What is it? Perennial spreadsheet shuffling management game.
Reviewed on Nvidia GTX 570, Core 2 Quad Q6600, 8GB RAM.
Release 7 November
Developer Sports Interactive
Last year I played Football Manager 14 in ‘classic mode’, the faster, more streamlined version of the game. Going straight from that to a full game of Football Manager 15 is like sprinting headlong into a wall of molasses.
Football Manager is often billed as ‘the football RPG’: selling the feeling of a manager’s life as much as the strategy game built around it. It’s one of those ideas that sounds fantastic on paper, but every time Sports Interactive try and embrace the idea, they just end up adding more press conferences.
Press conferences are to Football Manager what Desmond is to Assassin’s Creed. No-one likes them, no-one wants them, but SI keep trying to make them work. Now there are also tunnel interviews and lots more player conversations, all of which involve answering a series of questions and selecting a tone (assertively, calmly, passionately) and all of which take far too long.
Things taking too long is a theme the theme of this year’s Football Manager. Scouting players now takes several attempts, during which their attributes are displayed as a range (eg: 10-15) that you gradually narrow down. It’s a totally unnecessary time sink. I spent two solid months researching duff right wingers before eventually giving up and googling for one, which lead me to the excellent looking Andrija Zivkovic in a fraction of the time. This is how most FM fans actually play, but instead of embracing this level of meta-knowledge, SI are acting like it doesn’t exist.
But it’s hard to condemn the game for these irritations, because they all disappear the moment you flip over to good old classic mode. Scouting is instant, press conferences are kept to a minimum and unimportant matches can be resolved instantly. Classic values your time and gives you the tools to shortcut to the fun stuff. Of course if you do play that way then you’ll find the game is almost identical to last year’s edition, bar two crucial changes: the UI and the match engine.
The UI is a genuine improvement. It’s not only pretty, but includes some smart decisions. Some changes are clear reactions to how players use the game, like moving the much used quicksearch bar front and centre, while others try subtly influence them, like combining the player search and scout sections to encourage you to use your staff. Veteran players may chafe at having to unlearn years of bad habits but trust me, it’s worth it.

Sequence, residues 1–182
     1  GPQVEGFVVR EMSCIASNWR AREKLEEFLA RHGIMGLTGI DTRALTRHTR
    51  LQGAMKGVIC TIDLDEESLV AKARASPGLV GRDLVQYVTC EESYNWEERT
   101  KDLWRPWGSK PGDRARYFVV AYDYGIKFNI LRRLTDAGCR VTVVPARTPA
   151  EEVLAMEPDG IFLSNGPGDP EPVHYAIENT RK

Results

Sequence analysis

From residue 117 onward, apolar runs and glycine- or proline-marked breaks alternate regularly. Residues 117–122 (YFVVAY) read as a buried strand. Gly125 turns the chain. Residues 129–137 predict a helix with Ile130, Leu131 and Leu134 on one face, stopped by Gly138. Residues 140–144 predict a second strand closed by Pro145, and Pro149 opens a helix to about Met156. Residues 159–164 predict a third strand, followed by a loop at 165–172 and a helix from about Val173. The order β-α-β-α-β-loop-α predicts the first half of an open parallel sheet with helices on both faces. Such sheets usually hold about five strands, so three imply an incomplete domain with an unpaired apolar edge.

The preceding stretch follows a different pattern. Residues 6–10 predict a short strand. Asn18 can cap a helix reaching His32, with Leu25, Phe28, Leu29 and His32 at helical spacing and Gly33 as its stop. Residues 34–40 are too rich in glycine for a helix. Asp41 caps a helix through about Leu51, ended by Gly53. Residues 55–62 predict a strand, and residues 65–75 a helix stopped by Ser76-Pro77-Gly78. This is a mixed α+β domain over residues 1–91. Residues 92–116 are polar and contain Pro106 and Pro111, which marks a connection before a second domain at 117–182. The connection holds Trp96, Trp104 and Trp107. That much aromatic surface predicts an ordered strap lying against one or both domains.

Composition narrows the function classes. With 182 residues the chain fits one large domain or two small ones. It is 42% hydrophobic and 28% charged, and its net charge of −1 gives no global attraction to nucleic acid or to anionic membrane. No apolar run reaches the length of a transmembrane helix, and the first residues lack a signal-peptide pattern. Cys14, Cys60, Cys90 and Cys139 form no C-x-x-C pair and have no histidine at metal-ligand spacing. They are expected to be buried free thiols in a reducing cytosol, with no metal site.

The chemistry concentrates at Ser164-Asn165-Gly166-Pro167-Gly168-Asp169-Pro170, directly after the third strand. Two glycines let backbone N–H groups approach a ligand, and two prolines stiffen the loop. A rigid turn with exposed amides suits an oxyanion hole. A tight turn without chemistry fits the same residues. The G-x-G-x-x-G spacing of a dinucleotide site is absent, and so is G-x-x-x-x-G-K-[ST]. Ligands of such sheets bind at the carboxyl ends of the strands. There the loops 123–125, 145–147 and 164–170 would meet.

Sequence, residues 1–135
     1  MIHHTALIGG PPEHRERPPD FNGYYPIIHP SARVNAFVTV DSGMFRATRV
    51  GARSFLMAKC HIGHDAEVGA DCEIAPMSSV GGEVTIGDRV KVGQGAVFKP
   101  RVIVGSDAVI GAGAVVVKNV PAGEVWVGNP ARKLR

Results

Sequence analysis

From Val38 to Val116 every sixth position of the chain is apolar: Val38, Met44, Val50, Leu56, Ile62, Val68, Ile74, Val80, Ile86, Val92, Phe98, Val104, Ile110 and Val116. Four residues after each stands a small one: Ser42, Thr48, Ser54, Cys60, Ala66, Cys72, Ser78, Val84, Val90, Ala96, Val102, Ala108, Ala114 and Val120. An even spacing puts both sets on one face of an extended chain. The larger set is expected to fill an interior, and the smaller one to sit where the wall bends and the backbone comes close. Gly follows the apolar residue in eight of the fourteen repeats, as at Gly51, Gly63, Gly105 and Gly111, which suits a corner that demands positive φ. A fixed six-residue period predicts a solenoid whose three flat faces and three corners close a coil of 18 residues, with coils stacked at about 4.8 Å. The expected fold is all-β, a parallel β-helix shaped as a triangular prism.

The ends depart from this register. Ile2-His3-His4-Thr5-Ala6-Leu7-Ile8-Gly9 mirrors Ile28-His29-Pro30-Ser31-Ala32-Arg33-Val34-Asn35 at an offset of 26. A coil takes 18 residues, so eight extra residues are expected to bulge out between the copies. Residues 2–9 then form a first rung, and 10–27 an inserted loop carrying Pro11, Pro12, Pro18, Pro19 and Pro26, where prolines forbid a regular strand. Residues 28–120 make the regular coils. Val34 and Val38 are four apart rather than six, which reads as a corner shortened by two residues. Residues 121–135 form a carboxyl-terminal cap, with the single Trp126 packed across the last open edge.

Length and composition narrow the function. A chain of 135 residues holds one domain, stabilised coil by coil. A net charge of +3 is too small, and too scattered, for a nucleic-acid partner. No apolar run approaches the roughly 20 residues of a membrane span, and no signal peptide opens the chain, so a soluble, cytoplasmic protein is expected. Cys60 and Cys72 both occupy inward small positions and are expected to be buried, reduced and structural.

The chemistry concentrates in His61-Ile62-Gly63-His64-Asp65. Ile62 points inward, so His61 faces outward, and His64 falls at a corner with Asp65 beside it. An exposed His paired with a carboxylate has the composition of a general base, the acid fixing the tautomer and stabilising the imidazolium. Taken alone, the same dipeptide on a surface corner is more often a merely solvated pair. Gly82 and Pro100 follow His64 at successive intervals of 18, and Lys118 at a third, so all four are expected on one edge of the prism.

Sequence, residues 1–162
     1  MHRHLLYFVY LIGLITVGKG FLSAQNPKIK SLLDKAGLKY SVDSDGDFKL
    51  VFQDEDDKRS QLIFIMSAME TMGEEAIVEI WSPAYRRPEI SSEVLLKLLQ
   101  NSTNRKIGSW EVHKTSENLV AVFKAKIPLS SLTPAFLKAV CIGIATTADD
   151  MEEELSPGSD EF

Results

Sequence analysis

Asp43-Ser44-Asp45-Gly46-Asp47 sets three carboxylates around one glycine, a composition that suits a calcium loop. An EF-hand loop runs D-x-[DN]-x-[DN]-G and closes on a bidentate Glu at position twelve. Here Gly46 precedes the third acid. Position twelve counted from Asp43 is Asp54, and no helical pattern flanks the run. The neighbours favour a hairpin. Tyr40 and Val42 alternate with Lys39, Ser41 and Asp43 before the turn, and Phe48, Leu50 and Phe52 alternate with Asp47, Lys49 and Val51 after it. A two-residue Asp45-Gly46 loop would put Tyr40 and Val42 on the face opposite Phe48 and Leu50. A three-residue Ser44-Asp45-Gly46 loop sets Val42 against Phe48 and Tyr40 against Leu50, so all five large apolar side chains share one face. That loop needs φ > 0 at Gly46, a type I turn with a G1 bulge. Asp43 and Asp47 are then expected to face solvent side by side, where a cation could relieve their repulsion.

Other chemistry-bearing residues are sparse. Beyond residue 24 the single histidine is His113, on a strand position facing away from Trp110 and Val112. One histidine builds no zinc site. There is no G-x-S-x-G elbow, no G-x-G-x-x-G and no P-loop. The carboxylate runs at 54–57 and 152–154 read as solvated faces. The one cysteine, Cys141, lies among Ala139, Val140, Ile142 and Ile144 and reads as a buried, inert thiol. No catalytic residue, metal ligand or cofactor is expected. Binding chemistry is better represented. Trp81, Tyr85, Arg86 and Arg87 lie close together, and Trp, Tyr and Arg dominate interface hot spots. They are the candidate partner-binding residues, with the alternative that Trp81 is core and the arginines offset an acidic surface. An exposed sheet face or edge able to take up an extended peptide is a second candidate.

The bigger problem is the match engine. Criticising it is a dicey business. The way it works is so deliberately, wonderfully opaque that players tend to treat it like a force of nature rather than something that has ever actually been designed. But there’s a significant pattern to this year’s efforts: crosses are everything. Target men and traditional wingers are in vogue in a way not seen since the early 2000s. Get enough balls into the box and you will probably win. I’d say two thirds of my goals came from crosses, and the rest from long balls over the top. Short passing got me absolutely nowhere.
Now you, dear reader, may love long ball football, you may delight in old fashioned wing play. If you do, you’ll probably like FM15’s decidedly retro approach. But it does seem a bit strange in a world where all the major teams are all using inverted wingers and diamond formations for old fashioned touchline hugging wingers to be so dominant. I started the game fantasising about being Brendan Rodgers or Joachim Low, but I ended up playing like Tony Pulis. At its best, Football Manager reflects the state of modern football, but these tactics are straight out of 1998.
Contrast this to FM14, where players were playing gorgeous passing football and experimenting with avante-garde strikerless formations while holding discussions about ‘verticality’. FM14 was the football of coffee house intellectuals, FM15 plays like a lager lout. Football de-arte isn’t everything, but after a few hours of FM15’s muscular physicality I found myself longing for the silky skills of my old Everton team.
This all might sound overwhelmingly negative, so it’s important to stress that the basics of Football Manager are still there and working as well as ever. Football Manager 15 is still a good game, especially when played on classic, and you won’t go far wrong if this is your first game in the series. But for existing fans there aren’t a lot of compelling reasons to upgrade from last year’s edition, unless you’re really nostalgic for the Graham Taylor approach to football. Of course it’s entirely possible the traditional mid-season patch will change the tone of the match engine completely, at which point I’d heartily recommend it. But for now at least, this is a year to miss.